David Paul Mesler
Review by Matthew Warnock
As he is known to do, Seattle-based pianist and improviser extraordinaire David Paul Mesler has once again recorded and released a wondrous album of improvisations, this time in duo with trumpeter Michael Caldwell. The album, as is the case with his other releases, was completely improvised in the studio and not edited in any fashion before its release. It takes a certain level of player to abandon compositions and arrangements in favor of completely improvised music when setting out on a new recording project, and Mesler and Caldwell prove themselves to be up to the task on the record’s 14 improvised pieces, some of which were done solo while the vast majority feature the duo together.
Beginning the album is the mostly solo piano “The Balladeer, Part 1.” The song has a Middle Eastern and Spanish flavor to it, most notably due to Mesler’s choice of modes during the sparse and captivating introduction. The single-line melody that begins the piece is built up and expanded with added harmony as the piece progresses and Caldwell enters during the final third of the piece with his muted trumpet taking over the lead line and Mesler moving into a more harmonic function. Right away the duo plays well together, there is no awkward “first dance” on this album, right from their first notes together the duo sounds as if they’ve shared bandstands for years, something that is needed when improvising a duo recording in the modern jazz idiom.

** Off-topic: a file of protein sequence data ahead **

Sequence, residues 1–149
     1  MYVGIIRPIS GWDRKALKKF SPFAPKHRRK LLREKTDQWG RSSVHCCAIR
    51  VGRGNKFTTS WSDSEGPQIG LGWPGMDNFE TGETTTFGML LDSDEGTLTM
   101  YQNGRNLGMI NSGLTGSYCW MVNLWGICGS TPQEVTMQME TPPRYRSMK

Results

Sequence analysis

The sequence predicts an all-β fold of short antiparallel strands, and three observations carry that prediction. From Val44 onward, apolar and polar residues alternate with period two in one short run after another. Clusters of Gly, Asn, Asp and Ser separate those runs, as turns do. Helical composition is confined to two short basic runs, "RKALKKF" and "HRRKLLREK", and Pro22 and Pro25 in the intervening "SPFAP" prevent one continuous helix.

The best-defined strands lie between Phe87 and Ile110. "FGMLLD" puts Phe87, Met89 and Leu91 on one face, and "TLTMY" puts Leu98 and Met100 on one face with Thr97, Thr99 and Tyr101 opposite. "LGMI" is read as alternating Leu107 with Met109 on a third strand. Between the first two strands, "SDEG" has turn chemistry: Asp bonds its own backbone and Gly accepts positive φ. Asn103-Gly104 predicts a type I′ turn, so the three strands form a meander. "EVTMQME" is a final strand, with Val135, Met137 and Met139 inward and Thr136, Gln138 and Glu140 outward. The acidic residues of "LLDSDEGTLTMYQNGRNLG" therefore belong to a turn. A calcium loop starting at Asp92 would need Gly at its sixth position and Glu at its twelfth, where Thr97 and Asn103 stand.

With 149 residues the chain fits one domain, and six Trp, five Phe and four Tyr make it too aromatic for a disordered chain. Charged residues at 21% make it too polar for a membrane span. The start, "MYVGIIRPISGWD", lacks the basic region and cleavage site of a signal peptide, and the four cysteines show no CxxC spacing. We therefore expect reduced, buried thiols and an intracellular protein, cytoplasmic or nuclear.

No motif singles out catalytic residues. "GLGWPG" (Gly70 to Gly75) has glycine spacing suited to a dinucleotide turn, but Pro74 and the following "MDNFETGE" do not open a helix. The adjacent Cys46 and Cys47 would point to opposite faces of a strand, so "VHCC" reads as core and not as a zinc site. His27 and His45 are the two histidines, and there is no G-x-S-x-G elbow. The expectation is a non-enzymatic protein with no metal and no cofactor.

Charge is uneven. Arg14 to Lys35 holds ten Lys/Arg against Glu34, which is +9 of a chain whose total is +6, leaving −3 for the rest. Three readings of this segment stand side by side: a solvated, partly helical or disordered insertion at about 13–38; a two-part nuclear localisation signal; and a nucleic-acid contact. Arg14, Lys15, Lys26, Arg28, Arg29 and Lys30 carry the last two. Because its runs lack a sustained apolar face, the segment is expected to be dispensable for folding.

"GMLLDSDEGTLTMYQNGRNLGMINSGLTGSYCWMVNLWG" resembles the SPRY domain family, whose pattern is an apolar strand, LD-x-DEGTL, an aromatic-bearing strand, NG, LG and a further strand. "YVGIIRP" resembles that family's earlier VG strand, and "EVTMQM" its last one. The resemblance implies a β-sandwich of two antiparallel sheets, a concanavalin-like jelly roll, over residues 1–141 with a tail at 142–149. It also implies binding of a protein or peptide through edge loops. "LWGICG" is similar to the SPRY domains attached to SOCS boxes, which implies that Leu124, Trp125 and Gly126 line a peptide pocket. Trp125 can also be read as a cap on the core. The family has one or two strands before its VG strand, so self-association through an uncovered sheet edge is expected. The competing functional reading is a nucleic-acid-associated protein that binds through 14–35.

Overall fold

The duo moves between rubato sections and time with the ease that experienced performers possess. On pieces such as “The Sighting,” Mesler sets the tempo with his upper-register ostinato phrase, while Caldwell enters with a tone that is reminiscent of the late-great Miles Davis, moving his way around the harmony to conjure up a line that is more a melody than an improvisation. This is one of the keys to the album’s success, the fact that these songs don’t sound totally improvised. Yes, they sound organic and there is a high level of improvisation breathing through each line. But, the lines themselves often resemble composed melodies, a testament to the amount of thought that each performer puts into their melodic material before they play, instead of just letting go and creating the “noise” that is so often associated with fully-improvised music.
Apart from the more melodic and tranquil pieces, there are also darker, harsher moments such as the piano intro to “The Tango.” Driving the bass in the low register and clashing clustered harmony in the middle to upper range, Mesler lays down one of the more sinister and dissonant moments on the record before bringing in the time on a tango-based rhythm, allowing Caldwell to insert his muted trumpet once again in the harmonic melee, with both musicians playing follow the leader as they weave their way through the piece. Again, this is another reason why the album is so successful, both musicians have a strong sense of musicianship and big ears, allowing them to let the music breathe when it needs to and fill up the sonic space when called for. Far too often, freely improvising musicians get a bad rap for creating “noise” music that is unmelodic and devoid of rhythm. But, the best improvisers can create a new piece on the spot, composing in real time as they bring together pieces that resemble composed works rather than the “free jazz” that one is used to hearing, and Mesler and Caldwell firmly fall into this latter category of musician, and their album The Balladeer is a first rate example of what fully improvised music can sound like when in the hands of seasoned professionals.
Review by Matthew Warnock
Rating: 5 Stars (out of 5)
Matthew Warnock writes for All About Jazz, Guitar International Magazine, Hal Leonard, Mel Bay, Modern Guitar Magazine and Review You.